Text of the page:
Keep pace with the world moving at a digital speed and be the leader, not the laggard. Fast track your data centre modernisation by understanding the key transformation factors.

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Agile management changes the business

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The 20th century model of business management had anything of consequence being decided at the top. Big leaders appoint little leaders, competition for power is constricting change, work is assigned and control is paramount.

The trouble with this 20th-century model is that it’s 20th-century – it has trouble competing with agile 21st-century businesses. The 21st-century business is a fast adapter and customer centricity is the driver for change and a disrupter for growth.

The older model has the company at the centre, with customers in orbit to be manipulated. In contrast, the modern, agile business model has the customer at the heart with the company in orbit, looking for ways to delight the customer.

In the latter kind of business, everyone in the organisation understands how their work contributes to the focus on the customer.

In agile management:

  •  Leaders see themselves and act as enablers rather than controllers
  •  Work is coordinated through structured, customer-focused practices, not bureaucracy
  •  Leaders model transparency and continuous improvement
  •  Communication is open and conversational, rather than top-down and hierarchical.

Manufacturing is in the early stage of adopting agile management. However, this trend will speed up as physical products become more software-driven and part of the Internet of Things – more and more devices and appliances becoming cyber-connected.

In other sectors, the debate is already over, with attention on improving agile methodologies, learning how to apply them across different teams, and reconciling team goals, practices and values with company goals, values and practices.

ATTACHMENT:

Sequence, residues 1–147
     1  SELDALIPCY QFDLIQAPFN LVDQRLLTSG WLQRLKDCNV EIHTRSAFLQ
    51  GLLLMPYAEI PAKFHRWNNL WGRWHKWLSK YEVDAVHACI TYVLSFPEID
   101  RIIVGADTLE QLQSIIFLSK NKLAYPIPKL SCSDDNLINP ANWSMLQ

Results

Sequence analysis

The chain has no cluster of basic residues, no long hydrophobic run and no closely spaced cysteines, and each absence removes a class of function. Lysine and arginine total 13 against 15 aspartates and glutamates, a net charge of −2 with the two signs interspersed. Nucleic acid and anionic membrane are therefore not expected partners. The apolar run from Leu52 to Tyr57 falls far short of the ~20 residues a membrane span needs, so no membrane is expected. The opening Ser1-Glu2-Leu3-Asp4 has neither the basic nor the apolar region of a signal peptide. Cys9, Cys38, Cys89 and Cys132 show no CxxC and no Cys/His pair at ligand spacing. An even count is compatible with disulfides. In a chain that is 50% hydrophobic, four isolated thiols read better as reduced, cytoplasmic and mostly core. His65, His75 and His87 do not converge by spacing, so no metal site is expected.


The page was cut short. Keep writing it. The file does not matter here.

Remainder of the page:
One of the United Kingdom’s leading hotel, restaurant and coffee shop operators, which boasts 45,000 employees, recently upgraded its IT systems to become more agile.

The new system gave it a flexible platform, enabling the company to be responsive and adaptable to its market and to other business demands. As a result, its business systems are more easily and widely available and suffer less downtime, and the company is more efficient and productive.

At the heart of this success is the efficient management of data – the traditional data centre just couldn’t cut it.

Next generation data centres are leading the way in enabling agile business management and SolidFire, an all-flash array, is empowering enterprises to adapt to massive IT changes. Even as little as two years ago, solid disk providers didn’t see an all-flash system like SolidFire as a threat, because of its cost. But prices have fallen and are still falling, and all-flash storage offers powerful advantages.

It keeps up with radical change because it can be expanded with no downtime and no need for reconfiguration and it offers faster access to data.

Let’s compare a traditional system with SolidFire:

Traditional System SolidFire
Single tenant Multi-tenant
Isolated workloads Mixed workloads
Dedicated infrastructure Shared infrastructure
Scale-up Scale-out
Manual administration Automation

Next generation data storage has to be at the heart of making your business agile. Download our infographic to see how SolidFire can help you.

 

The new data storage model for radical IT innovation

Solidfire_251116You’ve undoubtedly heard about the Internet of Things (IoT), in which almost every device or appliance is connected to the Internet. The collective intelligence that can be gained from these devices will forever change the activities and lives of businesses and consumers everywhere.

It is probable that IoT will impact not just connected devices, but many devices that are unconnected yet still have a current running through them.

We’re not going to get into the details of that in this article, but the point is simply this: everything you’ve heard about the Fourth Industrial Revolution – like the explosion in IoT, cloud computing and Big Data – is likely to prove an understatement.

Recent research from Gartner shows that almost 50 percent of businesses have invested in Big Data initiatives, but most are not getting the best out of their expenditure. The reason: insufficient planning or structure around how to find what they need from the data, and how to best use it.

Given the pace and scale of technological change, that’s understandable. But what can you do about it?

Some traditional companies are now getting advice on how to revamp their IT systems and workplaces so they can leverage the vast computing resources of the Cloud – so they have a chance to keep up with newer, faster-moving businesses.